Writing a picaresque novel in 1991 is somewhat like composing a grand opera. Because the author is working in a mode that is not only antique but intentionally artificial, the results are bound to have a somewhat stilted quality, an effect compounded when the work itself is translated from another language. Here, that quaintly elevated tone actually enhances the effect, placing the characters in the merry company of the effect, placing the characters in the merry company of Don Quixote, Gil Blas, Moll Flanders, Tom Jones, and even Huck Finn. "The Lost Ones," which appeared originally in French, deliberately invites the comparisons, recounting the adventures of a pair of young Englishmen who collaborate to create a literary hoax.
Cyril Pumpermaker's partner in victimless crime is the clever orphan Jonathan Varlet, whose origins are mysterious enough for them both. In all other essential respects, the novel is a classic example of the genre, with a full measure of the requisite satire, moralistic digression, deception, and geographical variety to satisfy the most demanding traditionalist.
Though Cyril Pumpermaker is the sole heir of a prosperous solicitor, he too is an orphan, living in solitary splendor while he dabbles in literature.
He has just finished his first novel, a romantic work drawn from his own limited experience of life.
On one of Cyril's aimless trips to London, he encounters Jonathan Varlet, and immediately falls under his spell. Once installed at the Pumpermaker estate, Varlet hatches the scheme that provides plot and structure for the book. Since Cyril is shy and unprepossessing while Varlet is glib and charming, Varlet will pretend to be the author of Cyril's novel "Beelzebub," an arrangement Pumpermaker finds perfectly satisfactory. After gaining an interview at a leading publishing house, Jonathan ensures the success of the plan by seducing the publisher's daughter.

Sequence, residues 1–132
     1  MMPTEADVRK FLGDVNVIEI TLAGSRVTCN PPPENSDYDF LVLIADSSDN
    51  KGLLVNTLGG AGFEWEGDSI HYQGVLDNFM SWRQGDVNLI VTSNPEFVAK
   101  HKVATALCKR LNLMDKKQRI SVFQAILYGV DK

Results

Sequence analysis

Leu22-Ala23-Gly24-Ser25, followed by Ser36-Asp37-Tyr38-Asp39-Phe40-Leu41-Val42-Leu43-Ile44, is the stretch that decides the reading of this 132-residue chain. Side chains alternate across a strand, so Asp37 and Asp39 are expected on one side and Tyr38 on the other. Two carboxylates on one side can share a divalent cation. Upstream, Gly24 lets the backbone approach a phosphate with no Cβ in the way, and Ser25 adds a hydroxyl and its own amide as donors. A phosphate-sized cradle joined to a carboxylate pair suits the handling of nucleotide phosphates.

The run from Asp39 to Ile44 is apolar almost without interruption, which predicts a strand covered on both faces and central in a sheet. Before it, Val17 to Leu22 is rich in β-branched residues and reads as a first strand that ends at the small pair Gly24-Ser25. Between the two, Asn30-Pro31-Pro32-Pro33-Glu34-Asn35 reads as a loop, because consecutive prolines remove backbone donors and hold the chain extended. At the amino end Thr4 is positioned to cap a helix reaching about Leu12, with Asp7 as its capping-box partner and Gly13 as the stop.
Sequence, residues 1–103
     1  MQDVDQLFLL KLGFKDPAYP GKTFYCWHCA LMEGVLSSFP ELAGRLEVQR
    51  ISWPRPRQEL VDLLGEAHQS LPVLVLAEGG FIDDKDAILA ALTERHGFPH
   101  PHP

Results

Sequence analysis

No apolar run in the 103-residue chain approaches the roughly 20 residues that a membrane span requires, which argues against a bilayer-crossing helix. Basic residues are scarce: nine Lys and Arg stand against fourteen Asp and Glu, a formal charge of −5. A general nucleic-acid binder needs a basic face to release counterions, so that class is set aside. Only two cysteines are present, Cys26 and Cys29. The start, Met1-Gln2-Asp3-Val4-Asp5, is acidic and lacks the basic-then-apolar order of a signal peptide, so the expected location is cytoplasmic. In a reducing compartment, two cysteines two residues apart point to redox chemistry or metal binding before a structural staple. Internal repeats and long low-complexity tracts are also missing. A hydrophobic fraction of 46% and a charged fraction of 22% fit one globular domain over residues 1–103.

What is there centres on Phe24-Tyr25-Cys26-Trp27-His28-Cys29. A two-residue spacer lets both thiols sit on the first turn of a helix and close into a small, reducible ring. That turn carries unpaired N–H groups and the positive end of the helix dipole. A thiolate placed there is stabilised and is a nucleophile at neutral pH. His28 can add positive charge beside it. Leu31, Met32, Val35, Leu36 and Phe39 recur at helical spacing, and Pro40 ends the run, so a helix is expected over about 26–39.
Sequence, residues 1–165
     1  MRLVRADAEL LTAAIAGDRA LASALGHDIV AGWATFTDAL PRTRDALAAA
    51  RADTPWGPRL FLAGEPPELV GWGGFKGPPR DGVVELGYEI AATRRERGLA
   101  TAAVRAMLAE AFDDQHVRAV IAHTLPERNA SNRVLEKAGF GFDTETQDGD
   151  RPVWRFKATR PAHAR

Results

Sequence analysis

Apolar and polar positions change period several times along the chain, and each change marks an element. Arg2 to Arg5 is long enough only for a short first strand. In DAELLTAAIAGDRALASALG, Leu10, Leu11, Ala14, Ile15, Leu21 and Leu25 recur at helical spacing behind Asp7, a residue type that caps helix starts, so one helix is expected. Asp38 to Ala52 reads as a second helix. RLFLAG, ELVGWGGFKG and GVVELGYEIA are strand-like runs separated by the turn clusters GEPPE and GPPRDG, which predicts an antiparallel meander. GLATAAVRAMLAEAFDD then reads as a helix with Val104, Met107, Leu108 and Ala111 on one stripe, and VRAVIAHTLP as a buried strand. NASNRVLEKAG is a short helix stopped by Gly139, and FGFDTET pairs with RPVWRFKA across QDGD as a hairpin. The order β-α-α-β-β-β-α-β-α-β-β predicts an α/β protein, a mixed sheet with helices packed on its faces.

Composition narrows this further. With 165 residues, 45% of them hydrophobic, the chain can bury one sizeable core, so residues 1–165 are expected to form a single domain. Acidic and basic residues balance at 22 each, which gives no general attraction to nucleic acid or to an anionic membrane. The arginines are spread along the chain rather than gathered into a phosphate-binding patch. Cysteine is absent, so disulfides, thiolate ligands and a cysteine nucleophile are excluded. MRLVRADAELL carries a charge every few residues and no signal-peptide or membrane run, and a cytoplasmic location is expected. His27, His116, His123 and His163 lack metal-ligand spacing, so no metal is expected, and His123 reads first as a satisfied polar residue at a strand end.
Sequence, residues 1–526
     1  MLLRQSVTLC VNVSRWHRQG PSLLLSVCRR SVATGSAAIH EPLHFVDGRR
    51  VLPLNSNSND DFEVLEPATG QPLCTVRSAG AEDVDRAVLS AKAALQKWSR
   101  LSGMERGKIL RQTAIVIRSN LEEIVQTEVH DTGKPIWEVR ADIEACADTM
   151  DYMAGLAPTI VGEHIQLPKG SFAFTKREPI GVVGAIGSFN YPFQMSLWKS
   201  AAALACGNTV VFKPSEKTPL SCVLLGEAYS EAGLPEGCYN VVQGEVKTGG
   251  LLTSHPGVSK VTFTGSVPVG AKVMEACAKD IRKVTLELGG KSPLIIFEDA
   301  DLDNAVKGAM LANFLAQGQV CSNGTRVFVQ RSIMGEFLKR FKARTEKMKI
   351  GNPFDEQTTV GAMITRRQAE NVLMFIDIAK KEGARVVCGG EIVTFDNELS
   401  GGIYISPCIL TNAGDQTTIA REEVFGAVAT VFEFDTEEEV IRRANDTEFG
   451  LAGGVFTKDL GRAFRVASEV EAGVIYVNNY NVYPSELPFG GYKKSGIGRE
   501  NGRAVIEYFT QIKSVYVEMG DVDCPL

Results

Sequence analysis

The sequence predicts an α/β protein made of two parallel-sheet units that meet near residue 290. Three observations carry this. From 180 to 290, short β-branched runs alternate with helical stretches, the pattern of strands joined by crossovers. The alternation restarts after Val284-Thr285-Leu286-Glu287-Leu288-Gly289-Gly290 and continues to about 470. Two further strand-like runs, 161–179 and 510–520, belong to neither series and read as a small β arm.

As Gilbert Keith Chesterfield, the pseudonym the conspirators select for their project, Jonathan Varlet becomes an instant celebrity while Cyril grinds away at succeeding novels. Money rolls in from royalties, subsidiary sales, theatrical adaptations and toys. While Cyril tells the story of their adventures in his florid prose, Jonathan lives their adventures, racketing all over the world; relishing his celebrity and the adulation.
Increasingly, he begins to believe in the synthetic persona he's created, becoming a pundit whose every utterance is eagerly accepted not only by his adoring public but by heads of state. On one of his publicity junkets to Germany, Jonathan is genuinely frightened by the burgeoning Nazi movement, and when he is approached by a young woman whose composer father has been one of the first victims of the terror, he rescues the girl and brings her to England.
With the introduction of Sarah, the rollicking tone of "The Lost Ones" darkens. Jonathan Varlet's perorations grow longer and more solemn. Desperately in love with him, Sarah recklessly drives away in a fury; she wrecks the car and is critically injured. Guilty and remorseful, Jonathan marries her while Cyril faithfully chronicles the increasingly melodramatic events.
We eventually learn Jonathan's true identity, though the mystery has long since been superseded by the far more fascinating personality he has invented for himself as Gilbert Keith Chesterfield, fake writer but genuine hero.
Next: Carolyn See reviews "The Tomcat's Wife" by Carol Bly (HarperCollins).